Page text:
Are you a music producer and use Linux as your primary operating system, then music production is going to become easy for you after reading this article.
There is good music production software in Linux just as it is in Windows and Mac OS, though a few features may vary, but the underlying functionalities mostly are the same.
Here, I will look at some free and open-source software that you can use for music production purposes or music creation.
It is a free, open-source and also a cross-platform application for audio recording and editing. Therefore it can run on Linux, Mac OS X, Windows, and other operating systems. Audacity has some of the following features:
- Records live audio through a microphone, a mixer or from other media.
- Import and export files from and to different sound formats.
- Copy, cut, paste, delete options for easy editing.
- Large range of keyboard shortcuts.
- Add sound effects.
- Extensible with various plug-ins and many more.
Visit: Audacity Homepage
It is an audio signal processing software that allows users to do sound exploration and music composition, and it is intended for use by sound designers. It can run on Linux, Windows and Mac OS X.
It allows you to create a customized GUI by following a simple syntax. Cecilia has in-built modules that allow users to add sound effects and also for synthesis.
Visit: Cecilia Homepage
This is a music mixing software that can help you become a professional DJ. It is available on Linux, Mac OS X, and Windows. It can help you test your audio after complete production by mixing it with other audio files while listening to it.
Therefore having it in a studio can be so helpful just in case the user is also a sound producer.
It has some of the following features:
- Four decks with advanced controls.
- In-built sound effects.
- Quad sampler decks.
- Designer skins.
- Record and broadcast functionality.
- DJ hardware support and many more.
Visit: Mixxx Homepage
It is available on Linux and Mac OS X and allows you to record, edit, mix and master audio and MIDI projects. It can be used by musicians, soundtrack editors, and composers.
Ardour has some of the following features:
- Flexible recording.
- Unlimited multichannel tracks.
- Importing and exporting audio files of different formats.
- Extensible through plug-ins and In-line plug-in control.
- Automation and many more.
Visit: Ardour Homepage
5. Hydrogen Drum Machine
It is an advanced drum sampler developed for Linux and Mac OS X operating systems though it is still experimental in OS X.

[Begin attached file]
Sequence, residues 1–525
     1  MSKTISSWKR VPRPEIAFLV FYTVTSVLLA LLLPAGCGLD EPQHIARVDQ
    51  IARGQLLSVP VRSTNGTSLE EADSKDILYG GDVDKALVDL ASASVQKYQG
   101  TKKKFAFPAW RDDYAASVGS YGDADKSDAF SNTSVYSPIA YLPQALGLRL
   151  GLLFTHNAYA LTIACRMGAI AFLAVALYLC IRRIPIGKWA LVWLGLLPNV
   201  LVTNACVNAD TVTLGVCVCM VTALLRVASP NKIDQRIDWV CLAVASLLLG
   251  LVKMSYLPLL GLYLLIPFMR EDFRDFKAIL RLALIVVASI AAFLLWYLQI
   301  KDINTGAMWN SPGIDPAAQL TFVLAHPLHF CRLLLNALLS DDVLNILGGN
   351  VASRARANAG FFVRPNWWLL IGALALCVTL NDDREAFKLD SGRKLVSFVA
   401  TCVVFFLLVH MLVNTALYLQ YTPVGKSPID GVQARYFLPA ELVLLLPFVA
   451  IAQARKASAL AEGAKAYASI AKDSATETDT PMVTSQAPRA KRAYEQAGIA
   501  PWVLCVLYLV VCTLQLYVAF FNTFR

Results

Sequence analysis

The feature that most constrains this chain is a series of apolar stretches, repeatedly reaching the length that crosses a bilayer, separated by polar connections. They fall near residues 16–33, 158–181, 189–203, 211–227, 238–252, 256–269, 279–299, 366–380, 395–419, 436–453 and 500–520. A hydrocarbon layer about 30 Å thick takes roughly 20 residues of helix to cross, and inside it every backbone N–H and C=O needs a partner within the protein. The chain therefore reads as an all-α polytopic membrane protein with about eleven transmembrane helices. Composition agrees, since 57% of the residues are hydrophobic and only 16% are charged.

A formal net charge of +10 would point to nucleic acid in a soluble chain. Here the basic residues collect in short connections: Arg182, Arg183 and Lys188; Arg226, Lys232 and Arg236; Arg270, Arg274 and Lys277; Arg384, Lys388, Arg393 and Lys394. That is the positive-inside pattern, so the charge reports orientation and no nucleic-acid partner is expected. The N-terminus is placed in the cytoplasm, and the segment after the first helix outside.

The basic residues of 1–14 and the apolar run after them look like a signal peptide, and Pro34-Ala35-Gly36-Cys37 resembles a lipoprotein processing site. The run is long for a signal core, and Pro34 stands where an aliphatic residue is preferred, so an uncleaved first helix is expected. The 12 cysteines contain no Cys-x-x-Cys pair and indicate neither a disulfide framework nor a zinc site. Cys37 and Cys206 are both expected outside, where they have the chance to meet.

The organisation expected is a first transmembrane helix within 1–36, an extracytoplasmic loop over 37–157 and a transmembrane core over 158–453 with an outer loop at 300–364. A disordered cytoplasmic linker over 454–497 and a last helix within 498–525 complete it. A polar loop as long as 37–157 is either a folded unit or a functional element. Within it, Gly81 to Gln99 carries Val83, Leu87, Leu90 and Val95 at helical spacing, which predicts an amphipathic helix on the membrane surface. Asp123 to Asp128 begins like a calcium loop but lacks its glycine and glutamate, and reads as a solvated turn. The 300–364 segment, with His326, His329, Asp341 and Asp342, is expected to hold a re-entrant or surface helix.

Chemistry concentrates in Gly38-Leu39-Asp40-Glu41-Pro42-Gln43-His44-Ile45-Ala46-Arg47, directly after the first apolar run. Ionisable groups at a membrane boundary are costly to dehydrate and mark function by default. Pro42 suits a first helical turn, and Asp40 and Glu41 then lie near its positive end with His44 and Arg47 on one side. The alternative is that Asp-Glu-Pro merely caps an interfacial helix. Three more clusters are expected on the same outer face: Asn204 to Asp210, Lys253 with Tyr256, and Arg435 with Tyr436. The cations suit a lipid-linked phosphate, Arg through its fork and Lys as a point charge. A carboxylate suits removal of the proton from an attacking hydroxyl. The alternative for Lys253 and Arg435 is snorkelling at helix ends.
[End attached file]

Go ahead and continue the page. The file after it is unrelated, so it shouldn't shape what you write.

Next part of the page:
Hydrogen machine has some of the following features:
- User-friendly and modular
- Fast and intuitive GUI
- Pattern-based sequencer
- Multilayer instrument support
- Jack audio connection kit
- Import and export drum kits and also export audio files to different formats plus many more
Visit: Hydrogen Drum Machine Homepage
This is a virtual guitar amplifier and is available on Linux but can be built to work on BSD and Mac OS X. It runs on the Jack audio connection kit and works by taking a signal from a guitar and processes it mono amp and a rack section. It also has in-built modules to allow you to add effects to the rack.
Visit: Guitarix Homepage
It is a music composing and editing application available on Linux and it is intended for use by music composers, musicians can be used in a home or small scale recording environments.
Great understanding of music notations makes it interesting for users who know and understand music notations. Furthermore, it also has some basic support for digital audio.
Visit: Rosegarden Homepage
It is an audio Audio/MIDI multi-track sequencer designed specifically for personal home studios. It runs on Linux as the target operating system.
It has some of the following features:
- Use of Jack Audio Connection Kit for audio and Advanced Linux Sound Architecture sequencer for MIDI as multimedia infrastructures.
- Support for different audio formats such as WAV, MP3, AIFF, OGG and many more.
- In-built mixer and monitor controls.
- Loop recording.
- MIDI clip editor.
- Non-destructive and non-linear editing.
- Extensible through an unlimited number of plug-Ins plus many more.
Visit: Qtractor Homepage
LMMS (Let’s Make Music) is a free, open-source and cross-platform software for making music on your computer, made by musicians, for musicians. It comes with a user-friendly and modern interface.
LMMS also comes with playback instruments, samples, and plugins. It is bundled with ready-to-use content such as a collection of instrument and effect plugins, presets and samples to VST and SoundFont support.
MuseScore is also a free, open-source and easy to use, yet powerful tool for creating, playing and printing beautiful sheet music. It supports input via the MIDI keyboard and also supports exporting to and from other programs via MusicXML, MIDI and more.
11. Smart Mix Player
Smart Mix Player is a free and configurable auto DJ player for Linux and Windows. All you need to do is configure it let the player mix songs automatically.
It plays audio files as a non-stop mix; unlike other commonly used music mixing software out there that mix song at the end, Smart Mix mixes like a real DJ.